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Exploring the Sonic Master System Games

Mike Grindle is a freelance culture writer with a love for film, music, and literature.

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Sonic the Hedgehog sped into the video game market in 1991 on the Genesis/Mega Drive and changed gaming history forever. But while the blue-haired one was tailor-made for the 16-bit world, he also made some forays onto 8-bit consoles, namely the Master System and the Game Gear.

These games weren't as fast or visually appealing, but they had their own unique charm. And for many gamers in Europe and Brazil, where the Master System was a big hit, this would be their first introduction to the Sonic franchise.

In this article, we'll be looking exclusively at the games that made it onto the Sega Master System, which are:

  • Sonic The Hedgehog
  • Sonic The Hedgehog 2
  • Sonic Chaos
  • Sonic Blast

Sonic the Hedgehog (8-Bit)

In terms of visuals and sound, the first Sonic game on the Master System bears the closest resemblance to its Genesis/Mega Drive counterpart. It borrows similar aspects regarding level design and features some similarities regarding the soundtrack.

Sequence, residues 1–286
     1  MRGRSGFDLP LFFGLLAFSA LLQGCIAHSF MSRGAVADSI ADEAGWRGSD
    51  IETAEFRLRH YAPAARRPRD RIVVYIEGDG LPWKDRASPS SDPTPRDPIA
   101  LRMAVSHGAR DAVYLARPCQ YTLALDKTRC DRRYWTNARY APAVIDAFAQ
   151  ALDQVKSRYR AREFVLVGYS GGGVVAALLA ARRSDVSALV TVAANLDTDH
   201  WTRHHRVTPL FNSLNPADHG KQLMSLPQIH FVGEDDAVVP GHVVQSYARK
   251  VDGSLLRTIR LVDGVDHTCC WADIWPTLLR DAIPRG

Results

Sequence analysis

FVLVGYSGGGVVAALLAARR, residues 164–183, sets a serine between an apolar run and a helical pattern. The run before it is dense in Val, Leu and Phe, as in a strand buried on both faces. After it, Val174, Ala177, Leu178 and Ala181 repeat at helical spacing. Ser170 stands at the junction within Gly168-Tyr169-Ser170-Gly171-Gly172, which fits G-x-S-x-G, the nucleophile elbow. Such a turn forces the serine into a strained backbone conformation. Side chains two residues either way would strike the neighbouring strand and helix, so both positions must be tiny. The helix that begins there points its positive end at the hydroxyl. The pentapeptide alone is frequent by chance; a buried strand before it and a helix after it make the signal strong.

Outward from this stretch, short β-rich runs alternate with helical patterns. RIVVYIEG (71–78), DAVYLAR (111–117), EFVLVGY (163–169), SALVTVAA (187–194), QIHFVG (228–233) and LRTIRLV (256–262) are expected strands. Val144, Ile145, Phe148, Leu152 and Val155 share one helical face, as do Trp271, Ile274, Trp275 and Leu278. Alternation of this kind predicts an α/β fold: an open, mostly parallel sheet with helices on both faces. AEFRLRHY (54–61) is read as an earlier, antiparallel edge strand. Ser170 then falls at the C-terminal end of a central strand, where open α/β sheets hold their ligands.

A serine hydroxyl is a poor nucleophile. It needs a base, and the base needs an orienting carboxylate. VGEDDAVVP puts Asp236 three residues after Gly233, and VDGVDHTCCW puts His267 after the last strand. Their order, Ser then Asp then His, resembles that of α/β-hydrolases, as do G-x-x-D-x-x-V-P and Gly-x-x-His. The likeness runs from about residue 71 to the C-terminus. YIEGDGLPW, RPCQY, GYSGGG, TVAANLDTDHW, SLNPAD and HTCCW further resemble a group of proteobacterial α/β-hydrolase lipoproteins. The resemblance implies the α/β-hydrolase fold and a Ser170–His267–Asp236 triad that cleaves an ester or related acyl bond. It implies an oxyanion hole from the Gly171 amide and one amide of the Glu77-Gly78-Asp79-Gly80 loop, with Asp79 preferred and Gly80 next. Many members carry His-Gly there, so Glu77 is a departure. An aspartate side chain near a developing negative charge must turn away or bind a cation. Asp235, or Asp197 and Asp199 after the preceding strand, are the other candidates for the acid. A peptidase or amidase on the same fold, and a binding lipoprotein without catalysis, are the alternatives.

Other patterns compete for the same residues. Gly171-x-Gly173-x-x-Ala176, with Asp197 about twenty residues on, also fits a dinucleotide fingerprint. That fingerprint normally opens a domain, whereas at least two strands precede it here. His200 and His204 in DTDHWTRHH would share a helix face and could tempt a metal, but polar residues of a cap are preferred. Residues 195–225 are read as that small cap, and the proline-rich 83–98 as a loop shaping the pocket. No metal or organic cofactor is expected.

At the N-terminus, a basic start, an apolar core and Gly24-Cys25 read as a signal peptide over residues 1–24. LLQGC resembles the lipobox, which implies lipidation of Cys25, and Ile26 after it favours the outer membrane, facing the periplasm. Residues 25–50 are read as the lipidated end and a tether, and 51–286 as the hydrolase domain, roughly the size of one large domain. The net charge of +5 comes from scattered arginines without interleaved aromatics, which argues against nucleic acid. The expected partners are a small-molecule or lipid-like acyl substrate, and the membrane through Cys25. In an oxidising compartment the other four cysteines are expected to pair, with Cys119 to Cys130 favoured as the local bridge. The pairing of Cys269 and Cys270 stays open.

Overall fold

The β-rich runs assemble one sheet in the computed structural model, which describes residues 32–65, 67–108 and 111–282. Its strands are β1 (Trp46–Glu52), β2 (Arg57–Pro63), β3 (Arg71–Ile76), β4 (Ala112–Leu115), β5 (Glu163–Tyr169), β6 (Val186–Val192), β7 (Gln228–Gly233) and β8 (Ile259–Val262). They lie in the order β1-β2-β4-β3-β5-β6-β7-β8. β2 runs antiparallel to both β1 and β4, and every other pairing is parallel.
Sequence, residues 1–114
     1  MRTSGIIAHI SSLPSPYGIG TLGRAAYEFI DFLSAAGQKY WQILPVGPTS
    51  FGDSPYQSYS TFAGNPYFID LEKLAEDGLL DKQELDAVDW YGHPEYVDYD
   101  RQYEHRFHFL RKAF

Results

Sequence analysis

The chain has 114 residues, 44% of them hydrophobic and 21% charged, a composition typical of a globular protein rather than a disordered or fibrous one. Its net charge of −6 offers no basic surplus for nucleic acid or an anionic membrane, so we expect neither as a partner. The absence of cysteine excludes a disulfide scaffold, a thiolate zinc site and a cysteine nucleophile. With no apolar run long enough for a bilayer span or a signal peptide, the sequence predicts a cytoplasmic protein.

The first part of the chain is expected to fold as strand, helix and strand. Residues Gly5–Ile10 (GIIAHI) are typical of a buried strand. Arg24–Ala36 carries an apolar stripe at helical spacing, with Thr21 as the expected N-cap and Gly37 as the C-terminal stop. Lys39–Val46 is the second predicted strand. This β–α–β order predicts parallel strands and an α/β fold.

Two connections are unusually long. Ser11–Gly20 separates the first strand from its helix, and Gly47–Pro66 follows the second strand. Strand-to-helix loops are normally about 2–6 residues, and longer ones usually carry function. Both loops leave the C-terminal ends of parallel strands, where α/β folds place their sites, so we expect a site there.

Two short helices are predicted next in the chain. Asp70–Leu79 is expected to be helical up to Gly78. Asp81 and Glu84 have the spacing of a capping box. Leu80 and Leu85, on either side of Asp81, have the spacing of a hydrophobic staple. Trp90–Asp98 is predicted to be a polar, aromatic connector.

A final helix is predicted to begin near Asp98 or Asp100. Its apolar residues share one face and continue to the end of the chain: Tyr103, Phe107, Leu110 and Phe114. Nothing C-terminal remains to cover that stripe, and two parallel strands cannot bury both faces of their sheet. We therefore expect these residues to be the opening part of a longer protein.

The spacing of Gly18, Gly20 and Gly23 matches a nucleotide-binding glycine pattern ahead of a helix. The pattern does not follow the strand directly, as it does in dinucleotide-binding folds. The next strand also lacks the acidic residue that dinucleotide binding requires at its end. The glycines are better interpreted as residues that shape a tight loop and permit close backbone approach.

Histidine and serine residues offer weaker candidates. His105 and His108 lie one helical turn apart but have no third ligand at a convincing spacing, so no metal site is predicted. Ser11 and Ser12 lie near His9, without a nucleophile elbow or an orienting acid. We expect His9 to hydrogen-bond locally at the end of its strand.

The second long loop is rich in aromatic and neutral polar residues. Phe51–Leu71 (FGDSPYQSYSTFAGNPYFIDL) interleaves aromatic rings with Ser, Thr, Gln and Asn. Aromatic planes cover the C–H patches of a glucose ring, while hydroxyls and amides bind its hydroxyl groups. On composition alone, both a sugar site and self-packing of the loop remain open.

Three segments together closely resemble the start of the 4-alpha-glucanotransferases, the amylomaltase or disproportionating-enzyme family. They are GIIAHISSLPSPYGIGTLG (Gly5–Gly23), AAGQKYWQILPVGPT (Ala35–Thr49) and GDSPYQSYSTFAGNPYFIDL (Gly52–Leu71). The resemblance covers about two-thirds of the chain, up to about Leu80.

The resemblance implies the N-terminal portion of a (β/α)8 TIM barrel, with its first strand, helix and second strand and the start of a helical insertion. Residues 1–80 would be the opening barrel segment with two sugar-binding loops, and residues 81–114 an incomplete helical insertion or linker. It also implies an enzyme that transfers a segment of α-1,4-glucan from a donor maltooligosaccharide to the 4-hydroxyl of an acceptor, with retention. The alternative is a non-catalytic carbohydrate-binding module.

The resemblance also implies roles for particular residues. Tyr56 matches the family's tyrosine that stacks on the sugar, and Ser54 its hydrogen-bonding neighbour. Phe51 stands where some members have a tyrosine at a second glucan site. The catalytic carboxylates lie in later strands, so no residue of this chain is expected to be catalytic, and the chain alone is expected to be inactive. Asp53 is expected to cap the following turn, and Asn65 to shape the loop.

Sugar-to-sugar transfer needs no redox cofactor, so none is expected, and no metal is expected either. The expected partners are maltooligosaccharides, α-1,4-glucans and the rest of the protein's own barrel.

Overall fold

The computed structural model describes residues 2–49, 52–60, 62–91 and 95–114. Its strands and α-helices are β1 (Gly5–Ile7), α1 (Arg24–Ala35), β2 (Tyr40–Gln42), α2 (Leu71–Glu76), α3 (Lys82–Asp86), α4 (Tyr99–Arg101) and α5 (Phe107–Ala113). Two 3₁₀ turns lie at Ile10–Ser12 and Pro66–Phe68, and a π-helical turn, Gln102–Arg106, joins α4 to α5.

Despite this, developers Ancient went for a very different feel to the 16-bit version, focusing on creating a Sonic game that worked within the limitations of the Master System (and Game Gear). The approach is one that, for the most part, pays off.

Sonic on the Master System plays a lot like a traditional Mario-style platformer. The game understandably feels and looks slower, and the level designs are kept quite simple. The gameplay, though relatively easy, feels satisfying, and it's one of the most visually appealing and best-sounding games you'll ever see on an 8-bit console.

Little extras like a progression map, a bonus stage that is actually fun to play, and the implementation of new mechanics make this a worthwhile play for any Master System or Sonic fan.

Sonic the Hedgehog 2

With Sonic 2, the development of the 8-bit Sonic games moved over to a company called Aspect, who would go on to develop the rest of the 8-bit Sonic games. The team behind Aspect would take a much different approach to Ancient, aiming to make a game that felt just as fast as the 16-bit versions and pushed the limits of what 8-bit Sonic could do.

This game is faster, bigger, and more complex than Sonic 1. The team also added many gameplay mechanics, from mine carts to air gliders. But these improvements also come with some significant caveats.

The game doesn't look nearly as appealing as Sonic 1, with much of the lush level design replaced with bland, repetitive tiles. The music isn't anywhere near on par either.

Then there's also the handling of the new character Tails. He's everywhere in this game: the intro, the menu, the cutscenes, and the ending. However, he is not in the actual game itself. So not only is there no two-player option, but the guy all over the game's cover art isn't even playable.